Illicit drug use is a substantial cause of mortality and morbidity.
Tracking the use of illegal drugs is a challenge because of their illegality, but researchers from Australia estimate that 149 to 271 million people around the world use them. Pot (cannabis) is the most widely used. This study did not include hallucinogens, inhalants, anabolic steriods or ecstasy. For perspective, the WHO has estimated that illegal drug use causes 250,000 deaths annually, compared with 2.25 million due to alcohol and over 5 million caused by tobacco.
PositiveTip: For health and safety avoid all illegal drugs, along with the more popular legal ones such as alcohol and tobacco!
Fitness alone curbs all-cause and CVD deaths.
Middle-aged men who maintained or increased their fitness over 11 years experienced 30% and 40% reductions, respectively, in cardiovascular disease deaths and all-cause mortality--even without losing weight. When fitness declined during the study period, risk of dying increased.
PositiveTip: What are you doing to stay fit? Make at least 30 minutes of physical activity a part of your life every day.
Harvard freshman with pre-hypertension had higher risk in later life.
Men enrolling at Harvard between 1914 and 1952 who reported elevated systolic blood pressure their freshman year experienced a 20% greater risk for coronary heart disease later in life. Those diagnosed with hypertension in middle age had twice the risk of coronary deaths and stroke compared to those with normal blood pressures.
PositiveTip: Have you had your blood pressure checked recently? Get it taken even if you are young!
Insomnia increases death rates in men four fold.
The Penn State Cohort Study of over 741 men followed for 14 years finds that men suffering from insomnia and sleeping less than 6 hours nightly had 4 times the risk of dying than men that had normal sleep. A trend of insomnia and short sleep coexisting with diabetes and/or hypertension brings with it increased risk of over 7 fold. In women their was no increase in deaths associated with insomnia or short sleep.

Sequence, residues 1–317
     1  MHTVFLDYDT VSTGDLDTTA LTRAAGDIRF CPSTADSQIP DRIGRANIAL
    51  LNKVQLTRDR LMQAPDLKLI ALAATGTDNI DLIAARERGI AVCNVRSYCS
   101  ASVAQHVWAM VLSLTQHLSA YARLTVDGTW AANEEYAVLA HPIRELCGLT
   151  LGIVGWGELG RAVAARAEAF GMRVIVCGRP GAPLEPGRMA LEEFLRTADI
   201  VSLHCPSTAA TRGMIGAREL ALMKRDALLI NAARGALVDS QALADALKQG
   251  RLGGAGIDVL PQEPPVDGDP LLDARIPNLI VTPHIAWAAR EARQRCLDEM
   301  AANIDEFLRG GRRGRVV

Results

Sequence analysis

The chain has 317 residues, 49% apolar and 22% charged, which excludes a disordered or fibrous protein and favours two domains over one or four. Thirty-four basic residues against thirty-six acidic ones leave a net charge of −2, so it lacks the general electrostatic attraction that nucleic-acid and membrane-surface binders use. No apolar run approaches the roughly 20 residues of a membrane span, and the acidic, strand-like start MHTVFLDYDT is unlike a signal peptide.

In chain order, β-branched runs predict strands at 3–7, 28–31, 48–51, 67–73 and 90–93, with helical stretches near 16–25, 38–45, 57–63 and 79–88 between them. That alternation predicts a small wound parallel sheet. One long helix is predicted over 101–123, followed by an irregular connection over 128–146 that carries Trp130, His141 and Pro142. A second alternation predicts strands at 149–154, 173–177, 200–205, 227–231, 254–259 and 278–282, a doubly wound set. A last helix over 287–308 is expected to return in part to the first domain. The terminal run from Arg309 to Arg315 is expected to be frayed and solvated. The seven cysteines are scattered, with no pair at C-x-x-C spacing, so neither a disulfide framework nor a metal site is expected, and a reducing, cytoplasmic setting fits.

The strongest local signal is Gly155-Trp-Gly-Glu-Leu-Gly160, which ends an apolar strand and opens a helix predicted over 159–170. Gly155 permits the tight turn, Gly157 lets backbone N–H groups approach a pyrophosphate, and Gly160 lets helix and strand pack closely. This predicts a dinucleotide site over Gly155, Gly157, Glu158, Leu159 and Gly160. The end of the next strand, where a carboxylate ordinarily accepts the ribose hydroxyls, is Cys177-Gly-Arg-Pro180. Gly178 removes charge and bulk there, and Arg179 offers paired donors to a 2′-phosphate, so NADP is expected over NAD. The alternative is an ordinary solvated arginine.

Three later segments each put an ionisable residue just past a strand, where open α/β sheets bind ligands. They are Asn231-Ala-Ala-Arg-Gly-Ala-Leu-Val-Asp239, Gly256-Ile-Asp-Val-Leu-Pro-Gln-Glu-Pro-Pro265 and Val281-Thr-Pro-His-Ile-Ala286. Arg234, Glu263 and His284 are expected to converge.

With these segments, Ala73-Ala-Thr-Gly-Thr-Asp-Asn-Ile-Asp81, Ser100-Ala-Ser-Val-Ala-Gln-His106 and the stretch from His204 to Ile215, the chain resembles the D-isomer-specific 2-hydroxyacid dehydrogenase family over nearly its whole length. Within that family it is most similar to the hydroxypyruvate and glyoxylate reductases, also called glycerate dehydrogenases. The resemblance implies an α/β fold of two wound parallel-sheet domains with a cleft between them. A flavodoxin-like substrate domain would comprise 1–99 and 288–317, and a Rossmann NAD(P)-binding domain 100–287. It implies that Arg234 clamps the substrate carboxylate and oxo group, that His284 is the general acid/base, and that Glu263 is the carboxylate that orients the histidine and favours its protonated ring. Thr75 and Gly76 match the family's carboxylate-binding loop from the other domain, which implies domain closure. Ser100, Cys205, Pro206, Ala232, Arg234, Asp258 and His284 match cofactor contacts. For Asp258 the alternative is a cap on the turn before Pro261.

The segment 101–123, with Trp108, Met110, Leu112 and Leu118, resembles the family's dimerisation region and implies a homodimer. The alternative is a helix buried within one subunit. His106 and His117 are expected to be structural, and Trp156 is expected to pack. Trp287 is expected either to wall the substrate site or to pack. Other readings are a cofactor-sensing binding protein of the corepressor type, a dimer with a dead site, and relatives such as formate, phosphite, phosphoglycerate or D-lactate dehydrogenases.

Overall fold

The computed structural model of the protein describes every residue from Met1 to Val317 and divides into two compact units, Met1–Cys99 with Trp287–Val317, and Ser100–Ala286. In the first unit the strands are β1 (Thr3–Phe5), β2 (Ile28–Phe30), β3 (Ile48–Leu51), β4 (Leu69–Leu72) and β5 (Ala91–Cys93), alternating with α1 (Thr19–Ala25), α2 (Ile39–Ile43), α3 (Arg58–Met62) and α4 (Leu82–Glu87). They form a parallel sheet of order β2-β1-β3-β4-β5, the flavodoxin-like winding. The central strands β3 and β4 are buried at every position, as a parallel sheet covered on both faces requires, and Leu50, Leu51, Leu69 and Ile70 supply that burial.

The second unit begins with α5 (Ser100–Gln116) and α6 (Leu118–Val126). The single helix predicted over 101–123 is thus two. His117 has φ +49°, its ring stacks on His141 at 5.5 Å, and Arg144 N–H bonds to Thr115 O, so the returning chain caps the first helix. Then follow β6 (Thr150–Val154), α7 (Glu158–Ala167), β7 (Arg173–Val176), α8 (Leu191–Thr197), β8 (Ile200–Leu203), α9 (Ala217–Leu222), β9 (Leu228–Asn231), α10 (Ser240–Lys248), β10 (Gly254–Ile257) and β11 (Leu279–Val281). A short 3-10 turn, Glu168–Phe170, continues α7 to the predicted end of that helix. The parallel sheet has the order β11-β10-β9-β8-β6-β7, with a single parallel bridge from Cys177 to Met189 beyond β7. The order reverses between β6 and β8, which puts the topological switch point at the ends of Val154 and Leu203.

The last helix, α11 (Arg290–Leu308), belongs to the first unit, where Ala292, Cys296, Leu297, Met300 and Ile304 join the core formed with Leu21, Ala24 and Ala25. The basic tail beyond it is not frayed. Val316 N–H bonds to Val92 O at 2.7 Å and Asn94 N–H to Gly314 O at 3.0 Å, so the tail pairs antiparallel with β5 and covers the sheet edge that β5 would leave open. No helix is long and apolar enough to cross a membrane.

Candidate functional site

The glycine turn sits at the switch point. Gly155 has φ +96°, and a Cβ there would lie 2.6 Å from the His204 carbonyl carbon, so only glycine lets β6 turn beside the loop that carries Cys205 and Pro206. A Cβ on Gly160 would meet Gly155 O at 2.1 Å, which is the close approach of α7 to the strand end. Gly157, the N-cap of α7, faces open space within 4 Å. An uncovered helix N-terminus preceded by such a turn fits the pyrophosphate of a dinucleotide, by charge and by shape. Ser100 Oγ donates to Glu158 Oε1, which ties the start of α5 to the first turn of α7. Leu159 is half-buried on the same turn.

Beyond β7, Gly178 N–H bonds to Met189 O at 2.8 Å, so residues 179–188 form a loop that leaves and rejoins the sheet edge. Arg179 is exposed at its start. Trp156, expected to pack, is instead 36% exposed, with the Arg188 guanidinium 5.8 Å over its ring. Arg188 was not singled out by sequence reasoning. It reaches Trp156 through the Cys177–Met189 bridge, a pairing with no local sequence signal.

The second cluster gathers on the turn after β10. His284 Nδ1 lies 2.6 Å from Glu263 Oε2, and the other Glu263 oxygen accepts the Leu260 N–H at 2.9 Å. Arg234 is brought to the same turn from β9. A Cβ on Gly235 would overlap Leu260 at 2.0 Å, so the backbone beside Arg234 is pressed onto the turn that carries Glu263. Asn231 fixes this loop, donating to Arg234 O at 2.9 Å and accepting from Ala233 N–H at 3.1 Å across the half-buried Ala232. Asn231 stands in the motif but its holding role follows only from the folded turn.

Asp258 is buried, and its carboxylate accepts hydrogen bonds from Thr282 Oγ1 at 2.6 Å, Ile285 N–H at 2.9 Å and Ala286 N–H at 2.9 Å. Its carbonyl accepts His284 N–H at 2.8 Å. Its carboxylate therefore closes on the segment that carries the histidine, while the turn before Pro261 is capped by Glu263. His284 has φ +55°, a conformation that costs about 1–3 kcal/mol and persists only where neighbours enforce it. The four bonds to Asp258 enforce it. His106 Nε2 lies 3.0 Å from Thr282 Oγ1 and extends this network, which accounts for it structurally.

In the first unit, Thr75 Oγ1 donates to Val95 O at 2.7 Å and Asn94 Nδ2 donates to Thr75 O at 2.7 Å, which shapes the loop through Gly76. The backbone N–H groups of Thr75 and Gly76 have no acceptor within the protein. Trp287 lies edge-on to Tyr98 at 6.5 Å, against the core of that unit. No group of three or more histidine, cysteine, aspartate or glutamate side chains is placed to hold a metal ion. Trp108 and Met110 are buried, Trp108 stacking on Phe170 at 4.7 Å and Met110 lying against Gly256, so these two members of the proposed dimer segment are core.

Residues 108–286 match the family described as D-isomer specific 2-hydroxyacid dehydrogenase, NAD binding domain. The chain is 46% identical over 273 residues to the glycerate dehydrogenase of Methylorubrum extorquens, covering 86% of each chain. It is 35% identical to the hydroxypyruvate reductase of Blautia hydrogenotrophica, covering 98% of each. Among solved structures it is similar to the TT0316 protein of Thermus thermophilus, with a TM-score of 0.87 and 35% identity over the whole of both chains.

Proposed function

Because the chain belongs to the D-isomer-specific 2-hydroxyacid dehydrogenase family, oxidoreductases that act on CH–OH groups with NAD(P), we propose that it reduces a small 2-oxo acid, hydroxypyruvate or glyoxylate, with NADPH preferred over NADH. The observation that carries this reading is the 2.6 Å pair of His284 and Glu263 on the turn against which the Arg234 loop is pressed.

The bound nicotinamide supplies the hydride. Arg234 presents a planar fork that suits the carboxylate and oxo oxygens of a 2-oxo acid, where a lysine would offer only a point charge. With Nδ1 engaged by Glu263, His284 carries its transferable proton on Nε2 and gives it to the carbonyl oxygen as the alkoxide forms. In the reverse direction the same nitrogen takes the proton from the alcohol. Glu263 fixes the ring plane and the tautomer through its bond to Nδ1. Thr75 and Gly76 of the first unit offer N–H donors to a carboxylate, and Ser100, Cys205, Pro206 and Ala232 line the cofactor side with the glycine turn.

PositiveTip: If you suffer from insomnia do not ignore it. Set regular sleep/wake times, exercise daily at least 30 minutes, avoid caffeinated beverages, and skip late, large meals.
Obesity increases susceptible and mortality to H1N1 virus.
In the 2009 H1N1 pandemic medical science recognized that obesity increased the risk of contracting the virus. Tests on vaccinated obese individuals showed immunecell function at only 70% compared to normal weight individuals. Death rates in obese and morbidly obese H1N1 patients were 3 and 7.6 times the rate of normal weight patients. Research in obese mice showed a 25% mortality rate compared to zero in lean mice with similar immune deficiencies as found in humans.
Sodium chloride and potassium chloride are both simple salts but they have profoundly different effects in the body. In the blood stream, sodium is high (135 mg/dl) and potassium is low (4 mg/dl) but the opposite is true inside cells where potassium is high and sodium is low.
Both sodium and potassium are diet essentials, but in the United States we get far more sodium than we need and barely enough potassium.This causes a significant increase in deaths from heart disease.
The U.S. Government just published a study in the Archives of Internal Medicine examining the ratio of sodium to potassium in the diet and the impact on several diseases and death, in more than 12,000 people who were followed for 15 years. During this time there were 2270 deaths.
Dietary fiber comes in the indigestible parts of plants. These pass through the human digestive system unchanged. Fiber has beneficial effects on our health by reducing the risk of heart disease, some cancers, and diabetes.
A new study provides evidence that the overall impact of fiber brings a reduced mortality rate. The less fiber you eat the more likely you are to die.
This fiber analysis was performed on the NIH (National Institutes of Health)-AARP Diet and Health Study that included 388,122 adults over the age of 50. In the 9 years of follow-up, there were 31,456 deaths. People who consumed the most fiber were 22 percent less likely to die than those who ate the least amount of fiber.
Studies that focus on huge numbers of the population are an important scientific tool. When you enroll hundreds of thousands of participants and track them for several years, you collect a mountain of data.
The results of large studies covering large geographic areas can be generalized to the entire population. Their findings represent the truth about the topic that was researched. The conclusions can’t be challenged.
There are many mental, physical, and spiritual reasons why people get prescriptions for pills to help them sleep or to cope with anxiety. It isn't surprising that those who feel they need sleeping pills have higher death rates than healthy people.
But the Canadian Journal of Psychiatry published a recent study finding that pills for sleep and anxiety impart their own independent risk of dying.
A Danish study reported at the International Congress on Obesity, suggests that men who are obese by age 20 die eight years earlier on average than non-obese men. The unique feature of this study was that the subjects were followed from their teens until age 80.
The study started with over 5000 military men. Deaths among the 1,930 obese men were contrasted with deaths among a random sample of 3,601 non-obese males. Body mass index (BMI) was measured at the average ages of 20, 35 and 46 years.